TEACHING AT THE BEDSIDE
Tip 6: Challenge the learner without humiliating
It is fine to give corrective feedback in front of the patient. However, it is important to incorporate components of “effective” feedback and to always be respectful to both the student and the patient.
Self-disclosure goes a long way in avoiding humiliation. For example,
“It took me a long time to feel comfortable evaluating for JVD...”
Try to avoid asking questions of a junior learner when a senior learner has missed it - start with the lower level learners first and work your way up. However, keep in mind there can be nuances to this strategy depending on the health issue. As a result, there are times when more focused questioning of more senior team members might be warranted.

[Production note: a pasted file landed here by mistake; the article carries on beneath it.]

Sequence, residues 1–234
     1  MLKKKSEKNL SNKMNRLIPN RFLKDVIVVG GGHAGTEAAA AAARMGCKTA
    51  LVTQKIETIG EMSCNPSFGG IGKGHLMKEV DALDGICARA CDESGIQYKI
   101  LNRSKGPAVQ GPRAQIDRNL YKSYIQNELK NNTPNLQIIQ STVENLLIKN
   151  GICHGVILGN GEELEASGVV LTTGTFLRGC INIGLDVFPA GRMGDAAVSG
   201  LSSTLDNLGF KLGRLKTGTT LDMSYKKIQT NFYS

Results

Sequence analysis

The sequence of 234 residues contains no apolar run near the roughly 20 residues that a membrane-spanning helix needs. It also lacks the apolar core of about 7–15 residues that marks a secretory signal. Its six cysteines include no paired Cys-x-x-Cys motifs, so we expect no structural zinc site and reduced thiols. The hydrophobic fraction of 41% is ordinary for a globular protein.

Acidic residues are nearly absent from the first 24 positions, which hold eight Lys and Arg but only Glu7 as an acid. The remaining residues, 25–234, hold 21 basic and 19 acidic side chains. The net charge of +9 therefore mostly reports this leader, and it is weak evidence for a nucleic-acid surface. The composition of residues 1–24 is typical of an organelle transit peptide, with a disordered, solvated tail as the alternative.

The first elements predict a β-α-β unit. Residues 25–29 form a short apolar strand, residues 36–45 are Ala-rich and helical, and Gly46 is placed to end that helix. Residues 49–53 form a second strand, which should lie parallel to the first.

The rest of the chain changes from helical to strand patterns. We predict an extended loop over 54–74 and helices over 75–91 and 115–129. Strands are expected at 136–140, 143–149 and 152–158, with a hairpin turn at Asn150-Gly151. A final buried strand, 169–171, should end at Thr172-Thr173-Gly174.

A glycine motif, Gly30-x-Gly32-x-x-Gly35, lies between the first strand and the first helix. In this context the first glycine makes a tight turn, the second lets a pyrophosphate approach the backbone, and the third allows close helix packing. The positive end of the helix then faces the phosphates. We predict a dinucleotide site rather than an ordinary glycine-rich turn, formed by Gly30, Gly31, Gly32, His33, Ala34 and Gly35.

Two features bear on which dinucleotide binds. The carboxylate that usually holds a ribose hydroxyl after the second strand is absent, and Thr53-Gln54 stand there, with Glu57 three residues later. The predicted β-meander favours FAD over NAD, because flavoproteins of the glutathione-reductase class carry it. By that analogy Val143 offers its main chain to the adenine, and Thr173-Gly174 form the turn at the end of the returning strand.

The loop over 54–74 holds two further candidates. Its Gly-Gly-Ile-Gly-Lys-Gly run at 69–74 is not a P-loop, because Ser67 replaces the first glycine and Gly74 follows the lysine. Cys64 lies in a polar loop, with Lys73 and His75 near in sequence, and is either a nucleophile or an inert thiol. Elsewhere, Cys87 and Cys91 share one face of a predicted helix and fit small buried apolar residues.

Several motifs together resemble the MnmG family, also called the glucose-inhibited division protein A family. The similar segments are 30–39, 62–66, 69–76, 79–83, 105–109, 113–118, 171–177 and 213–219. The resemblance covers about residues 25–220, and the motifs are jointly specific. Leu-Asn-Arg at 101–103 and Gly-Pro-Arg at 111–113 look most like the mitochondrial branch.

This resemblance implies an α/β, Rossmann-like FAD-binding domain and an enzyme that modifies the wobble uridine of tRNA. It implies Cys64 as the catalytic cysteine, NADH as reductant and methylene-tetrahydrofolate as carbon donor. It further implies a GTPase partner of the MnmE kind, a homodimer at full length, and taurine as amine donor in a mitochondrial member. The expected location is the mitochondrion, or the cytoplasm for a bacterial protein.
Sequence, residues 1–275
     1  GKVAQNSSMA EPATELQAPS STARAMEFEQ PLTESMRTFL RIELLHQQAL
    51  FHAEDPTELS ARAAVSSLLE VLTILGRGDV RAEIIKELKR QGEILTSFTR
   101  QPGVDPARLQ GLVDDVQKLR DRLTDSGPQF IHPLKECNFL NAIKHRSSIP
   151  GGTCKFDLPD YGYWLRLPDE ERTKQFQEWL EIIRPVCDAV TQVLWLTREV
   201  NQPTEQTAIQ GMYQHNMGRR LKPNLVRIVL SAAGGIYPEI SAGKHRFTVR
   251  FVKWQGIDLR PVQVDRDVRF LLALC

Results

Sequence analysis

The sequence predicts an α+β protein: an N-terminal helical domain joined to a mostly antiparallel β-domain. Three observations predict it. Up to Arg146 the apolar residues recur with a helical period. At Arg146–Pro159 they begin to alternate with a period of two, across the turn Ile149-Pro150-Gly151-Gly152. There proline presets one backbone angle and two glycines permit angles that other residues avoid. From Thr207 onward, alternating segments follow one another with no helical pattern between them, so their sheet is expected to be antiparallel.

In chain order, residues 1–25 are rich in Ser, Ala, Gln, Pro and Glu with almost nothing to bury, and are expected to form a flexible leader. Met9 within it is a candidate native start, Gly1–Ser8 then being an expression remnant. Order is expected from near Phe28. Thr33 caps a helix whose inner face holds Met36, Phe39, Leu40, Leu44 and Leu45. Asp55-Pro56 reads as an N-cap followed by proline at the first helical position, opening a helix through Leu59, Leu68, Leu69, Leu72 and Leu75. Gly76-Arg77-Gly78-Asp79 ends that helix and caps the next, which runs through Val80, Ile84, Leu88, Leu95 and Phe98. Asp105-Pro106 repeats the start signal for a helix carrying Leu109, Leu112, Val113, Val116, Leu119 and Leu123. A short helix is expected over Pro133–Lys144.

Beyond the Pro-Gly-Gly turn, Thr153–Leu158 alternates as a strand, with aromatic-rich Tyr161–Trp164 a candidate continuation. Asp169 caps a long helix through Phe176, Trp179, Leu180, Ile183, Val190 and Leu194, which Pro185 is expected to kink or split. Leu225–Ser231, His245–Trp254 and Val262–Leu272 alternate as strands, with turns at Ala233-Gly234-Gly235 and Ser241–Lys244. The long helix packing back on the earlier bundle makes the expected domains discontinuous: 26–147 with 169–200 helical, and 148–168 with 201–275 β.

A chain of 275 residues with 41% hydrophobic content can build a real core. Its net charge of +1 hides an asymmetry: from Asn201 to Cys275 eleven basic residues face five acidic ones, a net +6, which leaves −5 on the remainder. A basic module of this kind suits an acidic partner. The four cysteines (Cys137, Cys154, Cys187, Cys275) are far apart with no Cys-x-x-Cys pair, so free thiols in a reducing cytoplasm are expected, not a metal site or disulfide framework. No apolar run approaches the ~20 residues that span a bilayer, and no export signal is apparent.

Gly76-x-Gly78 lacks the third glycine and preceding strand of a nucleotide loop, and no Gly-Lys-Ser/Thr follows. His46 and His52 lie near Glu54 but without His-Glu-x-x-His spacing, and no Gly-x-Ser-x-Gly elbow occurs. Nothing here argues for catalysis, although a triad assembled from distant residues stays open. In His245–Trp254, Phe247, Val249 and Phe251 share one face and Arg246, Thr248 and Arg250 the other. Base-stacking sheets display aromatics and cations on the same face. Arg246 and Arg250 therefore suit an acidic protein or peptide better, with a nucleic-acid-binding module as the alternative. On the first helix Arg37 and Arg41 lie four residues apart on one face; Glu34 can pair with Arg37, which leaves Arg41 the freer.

Try to avoid “guess what I’m thinking” or “read my mind” questions in front of patients. For example,
“What didn’t you ask Mr. Smith that you should have?”